Thursday, December 15, 2011

Fiestas, Foros and Fireworks

 Mexico offers endless opportunities for one to partake in the diversity of its rich culture. Since my last post, I have participated in a forum on intercultural education and migration, la fiesta del pueblo de San Andrés, a cultural performance of indigenous children, and the International Jazz Festival in Puebla.
The VIII Foro Latinoamericano de educación intercultural, migración y vida escolar (Latin Amercan Forum on Intercultural Education, Migration, and School Life) took place in late November in Cuetzalan, a pueblo in Puebla's Sierra Norte, which is deeply affected by migration due to lack of work opportunities. Most of the population is Nahuatl or Totonaco, and leave their pueblos to look for work in Mexico City or Puebla. It often has a devastating effect on families, children with a fragmented educational experience and parents without the family and cultural support system that they have at home. A very unfortunate effect of globalization and international trade agreements. Economic crises hit Mexico very hard. As a woman told me yesterday, when the United States gets a cold, Mexico gets pneumonia. As a result, people are forced to leave their communities to survive.

One of the highlights of this trip was visiting the pueblo of Ayotzinapan, a half hour outside of Cuetzalan. My friend, Jorge, has been involved in a project with the community there to build and stock a library. The driving force is a group of young people between ten and twenty years old, who have thus far completed the building of the library and obtained some, but far from enough, books.
Fatima y Mauri - Library kids
In the near future, I will be sending information on how anyone interested can help them fulfill their dream.

The fiesta de San Andrés was a three day event celebrating the patron saint of the pueblo. The streets were full of vendors, carnival rides for children, and, bien seguro, fireworks and music.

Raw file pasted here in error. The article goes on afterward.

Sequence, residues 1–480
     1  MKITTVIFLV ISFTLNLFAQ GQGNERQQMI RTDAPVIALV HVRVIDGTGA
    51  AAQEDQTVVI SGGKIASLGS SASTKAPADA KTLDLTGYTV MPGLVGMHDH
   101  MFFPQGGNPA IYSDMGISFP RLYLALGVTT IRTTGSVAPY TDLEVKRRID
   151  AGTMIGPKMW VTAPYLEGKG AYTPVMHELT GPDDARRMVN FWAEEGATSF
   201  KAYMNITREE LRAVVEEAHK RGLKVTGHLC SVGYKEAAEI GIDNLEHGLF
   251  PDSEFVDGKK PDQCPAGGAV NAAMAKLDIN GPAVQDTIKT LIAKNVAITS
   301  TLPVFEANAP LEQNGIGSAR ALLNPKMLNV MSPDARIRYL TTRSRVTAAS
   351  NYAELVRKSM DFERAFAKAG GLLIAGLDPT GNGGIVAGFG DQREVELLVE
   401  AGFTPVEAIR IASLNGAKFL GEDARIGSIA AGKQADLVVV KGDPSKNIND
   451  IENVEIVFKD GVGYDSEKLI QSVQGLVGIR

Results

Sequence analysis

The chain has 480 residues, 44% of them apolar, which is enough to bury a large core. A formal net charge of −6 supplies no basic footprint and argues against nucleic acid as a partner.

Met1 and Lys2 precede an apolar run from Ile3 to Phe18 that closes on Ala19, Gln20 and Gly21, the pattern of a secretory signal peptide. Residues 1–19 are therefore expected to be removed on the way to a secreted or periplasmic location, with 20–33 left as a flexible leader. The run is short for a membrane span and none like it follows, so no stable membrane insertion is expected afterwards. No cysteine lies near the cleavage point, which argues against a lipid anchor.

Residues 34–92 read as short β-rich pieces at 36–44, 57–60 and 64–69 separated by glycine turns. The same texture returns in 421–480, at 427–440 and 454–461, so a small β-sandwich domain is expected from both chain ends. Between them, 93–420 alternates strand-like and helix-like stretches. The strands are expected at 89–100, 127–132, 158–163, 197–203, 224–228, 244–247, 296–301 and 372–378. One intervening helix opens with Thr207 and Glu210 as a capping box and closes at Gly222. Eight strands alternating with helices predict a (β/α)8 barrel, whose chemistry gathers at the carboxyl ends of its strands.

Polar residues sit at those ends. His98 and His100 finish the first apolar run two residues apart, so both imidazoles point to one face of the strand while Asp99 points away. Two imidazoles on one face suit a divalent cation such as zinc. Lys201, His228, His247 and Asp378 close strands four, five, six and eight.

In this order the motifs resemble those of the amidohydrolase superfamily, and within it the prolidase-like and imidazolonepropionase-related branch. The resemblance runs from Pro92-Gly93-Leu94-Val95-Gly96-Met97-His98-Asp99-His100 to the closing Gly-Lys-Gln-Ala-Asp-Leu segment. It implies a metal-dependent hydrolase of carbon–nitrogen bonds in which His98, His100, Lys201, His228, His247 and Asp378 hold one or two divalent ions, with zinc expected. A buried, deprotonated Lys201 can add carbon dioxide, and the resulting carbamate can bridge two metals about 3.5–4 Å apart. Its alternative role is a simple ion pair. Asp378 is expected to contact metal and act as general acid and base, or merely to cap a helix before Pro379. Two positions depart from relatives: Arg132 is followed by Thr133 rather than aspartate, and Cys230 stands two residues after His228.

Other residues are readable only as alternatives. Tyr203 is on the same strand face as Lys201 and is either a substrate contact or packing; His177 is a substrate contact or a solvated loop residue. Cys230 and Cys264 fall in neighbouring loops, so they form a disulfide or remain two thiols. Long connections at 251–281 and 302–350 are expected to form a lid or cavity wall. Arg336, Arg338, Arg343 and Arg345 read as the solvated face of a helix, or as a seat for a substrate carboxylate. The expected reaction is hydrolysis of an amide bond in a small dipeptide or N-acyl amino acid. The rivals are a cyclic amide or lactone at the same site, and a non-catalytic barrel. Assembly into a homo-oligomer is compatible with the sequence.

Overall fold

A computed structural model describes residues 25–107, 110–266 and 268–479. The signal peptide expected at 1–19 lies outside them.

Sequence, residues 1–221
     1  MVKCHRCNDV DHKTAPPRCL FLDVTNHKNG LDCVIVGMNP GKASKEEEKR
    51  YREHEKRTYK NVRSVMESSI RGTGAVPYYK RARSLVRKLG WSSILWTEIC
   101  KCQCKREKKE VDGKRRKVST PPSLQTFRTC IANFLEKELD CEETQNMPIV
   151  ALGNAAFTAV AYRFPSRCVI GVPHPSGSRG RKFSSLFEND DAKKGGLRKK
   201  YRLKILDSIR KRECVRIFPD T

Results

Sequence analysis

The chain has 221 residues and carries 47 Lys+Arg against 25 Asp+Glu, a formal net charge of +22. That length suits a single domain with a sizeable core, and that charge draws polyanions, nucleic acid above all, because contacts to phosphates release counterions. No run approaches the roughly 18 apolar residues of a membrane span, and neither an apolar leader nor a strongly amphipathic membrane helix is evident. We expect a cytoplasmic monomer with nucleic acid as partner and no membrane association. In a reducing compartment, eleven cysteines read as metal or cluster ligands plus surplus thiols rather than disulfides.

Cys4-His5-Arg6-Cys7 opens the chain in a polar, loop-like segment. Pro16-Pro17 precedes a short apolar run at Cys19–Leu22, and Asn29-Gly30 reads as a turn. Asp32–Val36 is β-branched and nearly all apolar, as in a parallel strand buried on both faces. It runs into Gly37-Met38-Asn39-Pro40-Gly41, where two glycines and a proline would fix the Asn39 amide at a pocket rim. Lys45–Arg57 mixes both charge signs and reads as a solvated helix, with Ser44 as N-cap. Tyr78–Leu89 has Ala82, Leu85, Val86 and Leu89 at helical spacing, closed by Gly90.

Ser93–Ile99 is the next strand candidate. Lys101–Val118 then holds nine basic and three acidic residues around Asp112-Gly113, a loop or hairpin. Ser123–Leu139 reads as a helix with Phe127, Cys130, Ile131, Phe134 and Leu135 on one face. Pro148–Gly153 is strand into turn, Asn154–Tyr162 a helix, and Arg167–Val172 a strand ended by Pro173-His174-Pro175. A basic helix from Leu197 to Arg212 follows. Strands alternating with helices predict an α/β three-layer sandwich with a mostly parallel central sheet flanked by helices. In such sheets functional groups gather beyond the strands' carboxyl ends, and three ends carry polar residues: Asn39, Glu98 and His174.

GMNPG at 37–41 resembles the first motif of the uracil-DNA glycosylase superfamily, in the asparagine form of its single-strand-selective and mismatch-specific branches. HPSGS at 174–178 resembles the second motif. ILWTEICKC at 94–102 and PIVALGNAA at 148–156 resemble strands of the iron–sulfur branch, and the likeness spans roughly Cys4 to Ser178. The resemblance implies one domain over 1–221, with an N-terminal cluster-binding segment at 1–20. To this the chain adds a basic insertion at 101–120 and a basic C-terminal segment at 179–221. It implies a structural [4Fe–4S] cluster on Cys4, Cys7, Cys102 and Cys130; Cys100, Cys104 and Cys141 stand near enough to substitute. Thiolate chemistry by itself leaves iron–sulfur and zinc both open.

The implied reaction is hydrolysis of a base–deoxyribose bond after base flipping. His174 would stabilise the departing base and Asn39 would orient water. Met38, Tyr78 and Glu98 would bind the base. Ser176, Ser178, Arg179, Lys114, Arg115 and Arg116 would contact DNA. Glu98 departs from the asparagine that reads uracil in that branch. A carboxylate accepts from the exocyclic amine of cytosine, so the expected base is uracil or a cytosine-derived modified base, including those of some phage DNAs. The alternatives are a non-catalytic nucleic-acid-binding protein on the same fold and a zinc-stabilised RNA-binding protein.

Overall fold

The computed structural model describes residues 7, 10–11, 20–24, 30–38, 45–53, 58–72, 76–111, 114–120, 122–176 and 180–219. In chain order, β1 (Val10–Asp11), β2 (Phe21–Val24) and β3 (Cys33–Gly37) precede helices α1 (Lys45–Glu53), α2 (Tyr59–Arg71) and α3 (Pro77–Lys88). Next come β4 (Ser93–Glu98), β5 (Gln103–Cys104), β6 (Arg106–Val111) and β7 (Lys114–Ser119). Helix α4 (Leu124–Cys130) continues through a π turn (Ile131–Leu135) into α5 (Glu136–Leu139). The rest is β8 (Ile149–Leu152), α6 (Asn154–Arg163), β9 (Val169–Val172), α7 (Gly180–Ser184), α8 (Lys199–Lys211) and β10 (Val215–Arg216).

Local band with gigante




On the feast day of San Andrés, there was a "quema", an impressive fireworks display, which by the end of the evening, had fire trucks putting out a grass fire behind the church. The "quema" was quite spectacular, though, with sparks flying in all directions and two local bands accompanying them.
El milagro de San Andrés
Big bang repeated!


Banda municipal


The church was laden with bouquets of flowers and the center aisle leading to the altar was adorned with an intricate religious sand painting of San Andrés and friends. It was a near life-changing experience. I now understand what George Bush must have experienced!!

Niños huastecos
Shortly after this religious awakening, was el Encuentro Regional de Niños Lectores en Lengua Materna in Puebla. Indigenous children from various cultural groups throughout the region came and read in their mother tongue and performed traditional music from their pueblos. It was a treat to see children proud of their cultural heritage and eager to share it with others. The banner reads, "My language, my heart".

Policia on alert
¡Maestros en marcha!
         On my way to see the Encuentro, I came across a demonstration of teachers marching toward the Ministry of Education to demand their rights. The group was peaceful, but the police were ready in case their demands became too strong. As it turned out, there was no trouble, and most likely, no resolution to the teachers' demands.

Melissa Aldana Quartet
This post closes with the Festival Internacional de Jazz in Puebla. It was a four day event with workshops for the public by the invited musicians and eight excellent concerts by world class players. I went to four of the eight. They were all free and the venue was el Teatro de la Ciudad, a wonderful building in the very heart of Puebla. I sat in a box seat just overlooking the musicians. which made me feel like I was part of the group. Much easier than learning to play percussion! During one concert, I felt the floor of my box trembling, and thought that it was the enthusiastic participation of the audience. That night I found out that there had been a 6.5 earthquake in western Mexico. I guess that is what good jazz can do!
Starting an earthquake!

My daughter, Quena, and son, Joa, arrive very soon, and we are off to the warm, sunny, Oaxaca coast to commemorate Marie's parting. So, despite the Oregon winter, be warned to have your sunscreen ready before opening my next post!! Abrazos a todos.
Blowin' like Charlie
Magos Herrera - Superb!

Improvisation on Piano


Magos singing Jobim



2 comments:

Dianne said...

Hi Deek,

The year marker has touched me, too. Thanks for sharing your memories.

Happy New Year!

Dianne

Deborah said...

Hola Deek, Great post, I love following you around Mexico. I know your time in Oaxaca with Quena and Joa will be meaningful. I am thinking of you all. Travel safe my friend.